Warwick Mobile Robotics is a collection of projects under development at the University of Warwick in the field of mobile robotics. One of these projects involves the development of an indoor aerial inspection vehicle. This PhD project is sponsored by Sellafield Ltd, and aims to build a prototype UAV to fly inside structurally unsafe, hazardous or radioactive buildings for the purpose of inspecting and identifying hazards.
There are many industrial sites and buildings that have features that are difficult to reach or hazardous for humans to enter but nevertheless require inspection from time to time for routine or emergency reasons. Much progress has been made in recent years in the application of unmanned miniature aircraft, and radio controlled electric helicopters can now achieve flight times of up to to 15 minutes with lithium batteries. Manually flying a remote controlled helicopter in a confined area with obstacles is difficult and requires very good situational awareness. In many circumstances the UAV may be out of sight of the operator who will have to rely solely on on-board cameras, possibly in low light conditions, significantly reducing situational awareness and increasing the risk of collisions.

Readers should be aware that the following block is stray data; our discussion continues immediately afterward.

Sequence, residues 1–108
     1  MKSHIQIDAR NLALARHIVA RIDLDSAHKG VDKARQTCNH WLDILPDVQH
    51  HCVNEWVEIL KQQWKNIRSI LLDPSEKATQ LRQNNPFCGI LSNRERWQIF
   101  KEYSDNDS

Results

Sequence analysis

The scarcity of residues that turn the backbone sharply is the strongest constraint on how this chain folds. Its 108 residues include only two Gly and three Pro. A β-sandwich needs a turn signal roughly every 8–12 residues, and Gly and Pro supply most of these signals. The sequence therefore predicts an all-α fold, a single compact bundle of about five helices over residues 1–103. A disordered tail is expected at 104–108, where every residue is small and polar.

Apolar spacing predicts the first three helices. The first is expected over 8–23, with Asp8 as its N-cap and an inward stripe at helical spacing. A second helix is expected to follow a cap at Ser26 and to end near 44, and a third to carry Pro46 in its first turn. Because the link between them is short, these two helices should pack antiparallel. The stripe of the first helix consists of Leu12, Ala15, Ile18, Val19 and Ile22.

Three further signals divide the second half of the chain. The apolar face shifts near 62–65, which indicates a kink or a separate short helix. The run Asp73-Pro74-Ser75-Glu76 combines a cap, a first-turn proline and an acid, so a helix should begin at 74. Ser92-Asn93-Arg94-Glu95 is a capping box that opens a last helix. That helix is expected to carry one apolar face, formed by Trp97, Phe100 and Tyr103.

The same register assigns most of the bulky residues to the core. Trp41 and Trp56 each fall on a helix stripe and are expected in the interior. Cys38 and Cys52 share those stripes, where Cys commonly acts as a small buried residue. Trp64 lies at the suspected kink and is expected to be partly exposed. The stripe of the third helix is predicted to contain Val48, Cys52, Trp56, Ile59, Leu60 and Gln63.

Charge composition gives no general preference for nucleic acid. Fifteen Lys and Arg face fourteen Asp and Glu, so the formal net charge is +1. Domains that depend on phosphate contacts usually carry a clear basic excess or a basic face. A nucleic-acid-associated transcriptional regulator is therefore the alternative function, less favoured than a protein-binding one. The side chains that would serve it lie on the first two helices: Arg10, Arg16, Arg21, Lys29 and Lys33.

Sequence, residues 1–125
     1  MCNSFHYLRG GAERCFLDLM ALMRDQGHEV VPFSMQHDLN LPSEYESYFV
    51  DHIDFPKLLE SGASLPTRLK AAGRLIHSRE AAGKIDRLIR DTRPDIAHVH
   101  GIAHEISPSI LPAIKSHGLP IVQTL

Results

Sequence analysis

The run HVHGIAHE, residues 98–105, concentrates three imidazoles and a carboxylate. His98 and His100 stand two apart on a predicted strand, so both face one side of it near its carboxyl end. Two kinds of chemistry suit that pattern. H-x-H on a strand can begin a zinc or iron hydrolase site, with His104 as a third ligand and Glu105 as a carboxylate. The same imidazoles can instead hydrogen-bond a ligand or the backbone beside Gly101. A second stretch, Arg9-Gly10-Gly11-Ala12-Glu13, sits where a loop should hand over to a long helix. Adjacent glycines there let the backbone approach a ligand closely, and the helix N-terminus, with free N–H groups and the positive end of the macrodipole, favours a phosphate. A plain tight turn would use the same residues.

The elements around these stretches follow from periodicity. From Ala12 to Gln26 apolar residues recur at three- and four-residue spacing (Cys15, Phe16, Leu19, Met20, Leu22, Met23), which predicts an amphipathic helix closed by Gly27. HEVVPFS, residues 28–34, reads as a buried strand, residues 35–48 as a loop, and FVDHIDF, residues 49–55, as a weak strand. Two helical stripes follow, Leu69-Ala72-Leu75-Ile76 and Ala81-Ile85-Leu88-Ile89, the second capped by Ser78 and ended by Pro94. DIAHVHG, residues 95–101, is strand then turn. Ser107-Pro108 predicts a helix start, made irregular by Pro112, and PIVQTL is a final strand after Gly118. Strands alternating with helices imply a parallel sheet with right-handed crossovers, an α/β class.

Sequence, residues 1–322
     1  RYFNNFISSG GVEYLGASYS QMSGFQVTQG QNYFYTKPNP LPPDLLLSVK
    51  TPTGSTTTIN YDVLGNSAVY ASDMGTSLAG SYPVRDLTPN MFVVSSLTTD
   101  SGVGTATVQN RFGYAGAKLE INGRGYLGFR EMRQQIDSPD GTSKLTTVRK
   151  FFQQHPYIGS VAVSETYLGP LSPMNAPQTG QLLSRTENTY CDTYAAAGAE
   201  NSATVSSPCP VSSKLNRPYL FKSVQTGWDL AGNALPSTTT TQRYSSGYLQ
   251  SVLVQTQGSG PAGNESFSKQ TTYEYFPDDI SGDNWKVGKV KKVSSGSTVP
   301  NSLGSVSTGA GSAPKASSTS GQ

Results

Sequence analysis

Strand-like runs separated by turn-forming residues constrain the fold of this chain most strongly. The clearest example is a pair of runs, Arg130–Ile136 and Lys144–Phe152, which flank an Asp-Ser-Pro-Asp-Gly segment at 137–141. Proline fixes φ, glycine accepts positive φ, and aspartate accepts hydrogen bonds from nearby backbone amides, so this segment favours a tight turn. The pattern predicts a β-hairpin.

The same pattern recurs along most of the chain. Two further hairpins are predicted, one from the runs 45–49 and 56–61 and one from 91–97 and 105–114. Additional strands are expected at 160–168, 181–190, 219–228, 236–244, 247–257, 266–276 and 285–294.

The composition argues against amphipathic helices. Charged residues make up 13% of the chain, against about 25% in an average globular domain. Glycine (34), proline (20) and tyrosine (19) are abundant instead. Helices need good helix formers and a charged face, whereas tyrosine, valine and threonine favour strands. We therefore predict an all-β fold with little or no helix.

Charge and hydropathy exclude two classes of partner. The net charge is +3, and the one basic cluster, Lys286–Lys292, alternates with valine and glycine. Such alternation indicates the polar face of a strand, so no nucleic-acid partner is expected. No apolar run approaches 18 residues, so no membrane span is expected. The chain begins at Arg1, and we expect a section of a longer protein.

This project was conceived to develop a UAV that would be as autonomous as possible with current technologies, only requiring the operator to provide it with its destination coordinates. The UAV then pilots itself to the destination avoiding any obstacles en route.
Stefan Winkvist, Project leader of the UAV team adds: “It was discovered early on in the project that an accurate yet light weight orientation sensor was a key component for the project’s success. After researching many different IMU systems an Xsens MTi sensor was chosen, mainly due to its compact size, robustness, ease of use and overall accuracy when compared with similarly priced sensors.”